Focus and Distraction
Fix your gaze for a while. It’s hard. Your eyes scan. They take in their surroundings. As they move around various objects shift in and out of focus. Any kind of sustained focus is difficult. We spend much of youth cultivating concentration. Despite our efforts moments of singular attention are rare. While we strive for attentiveness, at the same time, others attempt to distract us. Advertisements everywhere seek our attention at all cost. One may even wonder if regimes of focus and distraction are not connected. Many believe these aspects find their common ground in cultural capitalism.
As we have seen in previous posts, perspective is an essential component of any Zeitgeist or spirituality. Here David Hockey enters the maelstrom. Together with Charles Falco, Hockney reconstructed how Renaissance painter strived for more detail by producing a fixed perspective through lenses, mirrors, and camera obscura. The resulting Hockney-Falco hypothesis theorised artists from the Renaissance onwards used lenses to hyper-stabilise scenes. Even the most astute artists since the Renaissance had to resort to artificial layers to fake their way to a single perspective.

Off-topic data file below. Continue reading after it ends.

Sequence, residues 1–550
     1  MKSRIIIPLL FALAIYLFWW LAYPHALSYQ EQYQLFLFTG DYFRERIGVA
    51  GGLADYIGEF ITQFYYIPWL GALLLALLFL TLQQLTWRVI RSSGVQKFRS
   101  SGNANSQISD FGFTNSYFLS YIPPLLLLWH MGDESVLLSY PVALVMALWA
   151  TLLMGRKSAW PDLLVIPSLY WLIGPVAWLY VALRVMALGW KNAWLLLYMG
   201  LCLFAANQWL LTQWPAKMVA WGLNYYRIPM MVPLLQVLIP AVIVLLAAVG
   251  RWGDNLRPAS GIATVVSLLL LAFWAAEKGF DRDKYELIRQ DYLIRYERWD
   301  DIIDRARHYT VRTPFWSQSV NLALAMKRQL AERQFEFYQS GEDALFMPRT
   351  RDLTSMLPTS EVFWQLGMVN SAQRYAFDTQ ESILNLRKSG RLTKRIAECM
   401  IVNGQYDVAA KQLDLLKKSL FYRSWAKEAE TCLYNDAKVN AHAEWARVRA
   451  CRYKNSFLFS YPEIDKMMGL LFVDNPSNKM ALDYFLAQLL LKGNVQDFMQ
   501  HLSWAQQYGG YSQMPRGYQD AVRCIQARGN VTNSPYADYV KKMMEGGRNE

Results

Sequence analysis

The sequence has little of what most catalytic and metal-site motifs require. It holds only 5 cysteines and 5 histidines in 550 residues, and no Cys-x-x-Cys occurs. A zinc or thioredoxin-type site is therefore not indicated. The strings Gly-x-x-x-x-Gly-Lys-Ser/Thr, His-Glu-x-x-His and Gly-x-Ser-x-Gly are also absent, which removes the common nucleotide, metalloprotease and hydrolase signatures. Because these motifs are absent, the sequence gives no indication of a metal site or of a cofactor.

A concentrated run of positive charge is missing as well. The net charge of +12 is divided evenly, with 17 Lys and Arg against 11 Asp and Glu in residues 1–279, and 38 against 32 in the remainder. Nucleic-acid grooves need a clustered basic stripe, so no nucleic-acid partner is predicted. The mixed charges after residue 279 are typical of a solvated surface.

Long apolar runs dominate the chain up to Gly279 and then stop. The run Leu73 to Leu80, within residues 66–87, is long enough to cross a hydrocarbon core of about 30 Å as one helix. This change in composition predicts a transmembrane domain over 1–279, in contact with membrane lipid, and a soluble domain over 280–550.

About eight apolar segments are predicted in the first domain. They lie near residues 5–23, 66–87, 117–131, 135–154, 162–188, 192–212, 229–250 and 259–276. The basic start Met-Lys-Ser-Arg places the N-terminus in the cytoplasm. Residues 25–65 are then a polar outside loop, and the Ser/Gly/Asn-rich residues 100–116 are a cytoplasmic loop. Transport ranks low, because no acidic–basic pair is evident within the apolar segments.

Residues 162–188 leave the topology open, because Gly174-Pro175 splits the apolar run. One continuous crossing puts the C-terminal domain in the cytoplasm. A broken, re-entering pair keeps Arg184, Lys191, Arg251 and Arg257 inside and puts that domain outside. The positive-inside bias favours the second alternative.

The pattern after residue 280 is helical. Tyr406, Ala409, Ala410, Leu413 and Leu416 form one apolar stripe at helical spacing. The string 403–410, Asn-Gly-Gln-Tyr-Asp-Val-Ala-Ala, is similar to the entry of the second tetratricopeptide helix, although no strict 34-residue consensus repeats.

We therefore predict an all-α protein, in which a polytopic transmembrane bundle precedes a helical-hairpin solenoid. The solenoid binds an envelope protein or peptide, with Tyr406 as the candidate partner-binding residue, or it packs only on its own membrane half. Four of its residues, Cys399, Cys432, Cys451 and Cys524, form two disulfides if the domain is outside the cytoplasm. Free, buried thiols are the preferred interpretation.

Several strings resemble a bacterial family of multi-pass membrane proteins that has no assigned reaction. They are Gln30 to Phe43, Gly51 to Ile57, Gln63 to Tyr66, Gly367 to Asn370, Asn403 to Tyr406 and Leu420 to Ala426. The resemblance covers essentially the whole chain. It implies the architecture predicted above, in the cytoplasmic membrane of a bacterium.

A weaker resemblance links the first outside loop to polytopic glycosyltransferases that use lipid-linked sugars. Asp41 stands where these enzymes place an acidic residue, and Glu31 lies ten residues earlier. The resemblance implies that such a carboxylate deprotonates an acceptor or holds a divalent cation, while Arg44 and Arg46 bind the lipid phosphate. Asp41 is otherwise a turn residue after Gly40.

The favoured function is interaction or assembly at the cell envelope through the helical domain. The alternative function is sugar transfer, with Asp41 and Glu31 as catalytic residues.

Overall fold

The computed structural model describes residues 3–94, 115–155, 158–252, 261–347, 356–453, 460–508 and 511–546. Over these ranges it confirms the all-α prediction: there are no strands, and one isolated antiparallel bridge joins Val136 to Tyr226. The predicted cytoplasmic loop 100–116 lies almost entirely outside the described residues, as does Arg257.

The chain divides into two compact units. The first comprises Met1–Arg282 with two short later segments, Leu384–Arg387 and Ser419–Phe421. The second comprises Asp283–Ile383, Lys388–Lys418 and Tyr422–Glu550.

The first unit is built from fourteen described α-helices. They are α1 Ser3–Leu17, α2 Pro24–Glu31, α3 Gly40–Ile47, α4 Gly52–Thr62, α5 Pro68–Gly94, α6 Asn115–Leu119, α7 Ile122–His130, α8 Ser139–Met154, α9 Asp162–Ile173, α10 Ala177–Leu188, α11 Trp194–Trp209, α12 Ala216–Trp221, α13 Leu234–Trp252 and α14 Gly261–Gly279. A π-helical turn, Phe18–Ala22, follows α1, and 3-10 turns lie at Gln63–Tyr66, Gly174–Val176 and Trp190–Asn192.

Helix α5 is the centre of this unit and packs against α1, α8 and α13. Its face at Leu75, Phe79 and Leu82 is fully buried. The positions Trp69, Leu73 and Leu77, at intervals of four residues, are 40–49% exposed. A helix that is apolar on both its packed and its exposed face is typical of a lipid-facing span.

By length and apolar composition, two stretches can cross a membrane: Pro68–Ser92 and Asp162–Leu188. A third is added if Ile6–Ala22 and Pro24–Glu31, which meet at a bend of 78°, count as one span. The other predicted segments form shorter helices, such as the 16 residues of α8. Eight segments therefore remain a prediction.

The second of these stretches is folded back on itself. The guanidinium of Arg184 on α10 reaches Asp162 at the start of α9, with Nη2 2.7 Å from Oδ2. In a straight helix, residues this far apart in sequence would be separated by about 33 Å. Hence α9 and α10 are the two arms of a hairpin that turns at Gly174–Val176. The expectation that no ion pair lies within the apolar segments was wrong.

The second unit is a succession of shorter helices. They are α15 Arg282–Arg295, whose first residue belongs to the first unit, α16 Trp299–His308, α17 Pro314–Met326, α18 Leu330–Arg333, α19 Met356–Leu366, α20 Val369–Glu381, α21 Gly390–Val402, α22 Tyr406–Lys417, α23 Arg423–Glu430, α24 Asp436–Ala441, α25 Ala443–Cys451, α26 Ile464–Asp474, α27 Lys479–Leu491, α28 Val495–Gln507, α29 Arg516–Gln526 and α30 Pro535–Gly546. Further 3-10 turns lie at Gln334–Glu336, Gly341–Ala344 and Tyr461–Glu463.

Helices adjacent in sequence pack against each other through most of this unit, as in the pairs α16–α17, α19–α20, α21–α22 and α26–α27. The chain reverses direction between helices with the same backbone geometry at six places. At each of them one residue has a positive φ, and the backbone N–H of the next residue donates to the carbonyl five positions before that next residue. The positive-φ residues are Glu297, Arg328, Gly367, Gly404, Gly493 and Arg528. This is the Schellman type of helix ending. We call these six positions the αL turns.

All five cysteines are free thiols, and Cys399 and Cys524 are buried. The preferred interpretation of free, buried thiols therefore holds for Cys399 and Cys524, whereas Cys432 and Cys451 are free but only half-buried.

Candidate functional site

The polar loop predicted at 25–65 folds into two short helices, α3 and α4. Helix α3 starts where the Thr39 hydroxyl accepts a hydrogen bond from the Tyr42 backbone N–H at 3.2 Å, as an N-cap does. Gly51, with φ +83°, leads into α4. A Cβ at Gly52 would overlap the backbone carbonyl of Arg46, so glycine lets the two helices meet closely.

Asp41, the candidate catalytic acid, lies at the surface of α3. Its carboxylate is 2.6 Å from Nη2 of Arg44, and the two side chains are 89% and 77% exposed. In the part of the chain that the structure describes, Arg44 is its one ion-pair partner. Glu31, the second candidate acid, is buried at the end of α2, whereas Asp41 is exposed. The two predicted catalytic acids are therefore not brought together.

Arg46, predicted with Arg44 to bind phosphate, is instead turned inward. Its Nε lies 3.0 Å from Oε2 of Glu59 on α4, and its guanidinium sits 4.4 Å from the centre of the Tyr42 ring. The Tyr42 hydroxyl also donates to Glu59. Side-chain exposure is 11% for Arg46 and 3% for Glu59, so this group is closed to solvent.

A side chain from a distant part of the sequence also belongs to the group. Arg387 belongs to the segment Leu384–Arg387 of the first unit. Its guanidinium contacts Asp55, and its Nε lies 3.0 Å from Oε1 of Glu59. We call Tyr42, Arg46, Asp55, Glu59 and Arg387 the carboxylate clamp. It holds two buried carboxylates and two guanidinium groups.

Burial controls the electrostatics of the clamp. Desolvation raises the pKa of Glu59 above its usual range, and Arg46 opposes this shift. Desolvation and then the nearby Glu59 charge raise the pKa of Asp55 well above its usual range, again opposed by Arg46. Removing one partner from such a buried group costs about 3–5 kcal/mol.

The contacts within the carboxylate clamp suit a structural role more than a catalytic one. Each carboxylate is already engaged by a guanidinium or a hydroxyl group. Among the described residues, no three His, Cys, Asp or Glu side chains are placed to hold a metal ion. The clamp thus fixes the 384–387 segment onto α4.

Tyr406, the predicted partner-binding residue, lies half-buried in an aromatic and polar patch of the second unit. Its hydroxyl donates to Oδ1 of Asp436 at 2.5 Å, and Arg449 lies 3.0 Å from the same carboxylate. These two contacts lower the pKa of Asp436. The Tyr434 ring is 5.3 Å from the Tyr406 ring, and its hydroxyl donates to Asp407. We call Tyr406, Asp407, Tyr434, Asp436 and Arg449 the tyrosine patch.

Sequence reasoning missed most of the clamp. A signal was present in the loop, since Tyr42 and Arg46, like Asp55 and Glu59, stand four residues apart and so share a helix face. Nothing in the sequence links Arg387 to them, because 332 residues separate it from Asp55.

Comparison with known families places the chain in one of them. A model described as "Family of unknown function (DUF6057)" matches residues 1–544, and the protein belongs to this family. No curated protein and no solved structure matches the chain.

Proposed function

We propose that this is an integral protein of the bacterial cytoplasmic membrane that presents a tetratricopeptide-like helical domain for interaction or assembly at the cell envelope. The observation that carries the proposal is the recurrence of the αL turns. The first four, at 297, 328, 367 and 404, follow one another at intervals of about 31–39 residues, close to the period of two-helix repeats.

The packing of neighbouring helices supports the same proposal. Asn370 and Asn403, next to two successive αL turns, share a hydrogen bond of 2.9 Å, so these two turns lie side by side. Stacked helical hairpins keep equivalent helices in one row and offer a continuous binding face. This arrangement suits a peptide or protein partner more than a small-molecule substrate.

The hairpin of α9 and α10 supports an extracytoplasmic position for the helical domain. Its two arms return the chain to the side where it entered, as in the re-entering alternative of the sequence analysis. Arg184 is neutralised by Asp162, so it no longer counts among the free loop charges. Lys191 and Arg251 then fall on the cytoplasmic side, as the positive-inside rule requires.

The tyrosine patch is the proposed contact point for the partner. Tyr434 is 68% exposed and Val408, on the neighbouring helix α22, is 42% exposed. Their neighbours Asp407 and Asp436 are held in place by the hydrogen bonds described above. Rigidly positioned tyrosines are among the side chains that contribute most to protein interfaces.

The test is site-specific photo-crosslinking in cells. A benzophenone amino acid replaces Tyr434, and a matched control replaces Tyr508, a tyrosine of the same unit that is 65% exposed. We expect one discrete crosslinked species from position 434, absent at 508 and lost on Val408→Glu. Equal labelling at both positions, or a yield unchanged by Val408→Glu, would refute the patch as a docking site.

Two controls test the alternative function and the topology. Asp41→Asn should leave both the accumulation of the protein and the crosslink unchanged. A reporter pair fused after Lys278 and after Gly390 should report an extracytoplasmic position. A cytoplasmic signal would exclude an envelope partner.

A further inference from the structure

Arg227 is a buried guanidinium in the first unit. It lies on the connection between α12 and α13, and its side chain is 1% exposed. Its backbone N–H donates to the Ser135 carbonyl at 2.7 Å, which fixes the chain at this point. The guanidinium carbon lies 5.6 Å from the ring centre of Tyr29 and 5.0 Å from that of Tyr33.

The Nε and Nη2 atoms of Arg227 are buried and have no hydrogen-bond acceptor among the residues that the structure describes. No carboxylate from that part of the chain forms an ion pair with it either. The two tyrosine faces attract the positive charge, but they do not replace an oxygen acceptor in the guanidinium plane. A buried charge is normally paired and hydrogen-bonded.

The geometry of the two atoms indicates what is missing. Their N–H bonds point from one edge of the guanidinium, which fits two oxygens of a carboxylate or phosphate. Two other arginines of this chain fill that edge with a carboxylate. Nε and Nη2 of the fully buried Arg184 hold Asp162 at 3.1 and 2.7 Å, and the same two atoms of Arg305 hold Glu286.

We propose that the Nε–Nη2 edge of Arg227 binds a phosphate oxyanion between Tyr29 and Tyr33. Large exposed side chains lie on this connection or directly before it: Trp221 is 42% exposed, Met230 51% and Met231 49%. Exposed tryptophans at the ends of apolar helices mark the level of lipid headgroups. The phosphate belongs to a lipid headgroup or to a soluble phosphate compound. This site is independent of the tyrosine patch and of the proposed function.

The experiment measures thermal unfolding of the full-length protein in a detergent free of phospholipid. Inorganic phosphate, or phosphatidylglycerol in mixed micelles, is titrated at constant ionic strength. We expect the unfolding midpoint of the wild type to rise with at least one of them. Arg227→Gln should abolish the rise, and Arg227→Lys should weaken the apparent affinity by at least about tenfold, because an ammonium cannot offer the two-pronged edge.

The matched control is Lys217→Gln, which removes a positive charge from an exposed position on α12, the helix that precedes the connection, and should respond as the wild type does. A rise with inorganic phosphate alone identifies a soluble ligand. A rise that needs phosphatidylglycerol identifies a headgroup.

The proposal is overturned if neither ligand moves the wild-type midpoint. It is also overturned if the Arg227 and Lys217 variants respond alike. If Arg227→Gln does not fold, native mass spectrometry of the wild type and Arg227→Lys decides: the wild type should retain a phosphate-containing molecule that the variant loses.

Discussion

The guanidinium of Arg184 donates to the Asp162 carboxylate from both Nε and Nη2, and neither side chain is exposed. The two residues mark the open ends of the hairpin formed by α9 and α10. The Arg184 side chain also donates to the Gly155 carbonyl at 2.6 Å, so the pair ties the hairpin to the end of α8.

In the process, they painted an overly static picture of a human’s being-in-the-world. Their focussed perspective became the normative measure of realism — even up until today’s photography and videography. Per definition, however, such perspectivism is a reduction, one which is not an accurate representation of how we experience the world.
Warping Space Through Time
Look at any of Hockney’s paintings, and you’ll see many perspectives drawn out through time. From his career’s onset, he portraits himself as continuing Picasso’s project of distorting the pictorial space by adding time. Like Picasso, the Englishman believes paintings infused with the temporal, better represents our experience of the world. His paintings challenge us to follow their timelines. Each artwork also reveals, constraints, and invites viewers into a perspectival time-space made somewhere between themselves and Hockney. His aim? Shaking us from our axiomatic single-perspective space flatness. One never looks at his paintings, one looks around in them, travels with, against or parallel to the flow they suggest or do not suggest.
A Spirituality of Structured Distraction
What kind of spirituality does Hockney’s work imagine? He exhumes the tacit underground optics dominating spirituality today — the static perspectivist reduction. One example is a single truth focality protected by religious hierarchies. Another is meditative focus which finds serenity in the sea of thoughts floating pass it. Hockney invites us to ask: how would spiritualities change if we lived them as constrained scatteredness or structured distraction rather than focussed and hierarchtical? We still await his suggestion’s full development. Maybe such a spirituality can transform cultural capitalism from the inside out.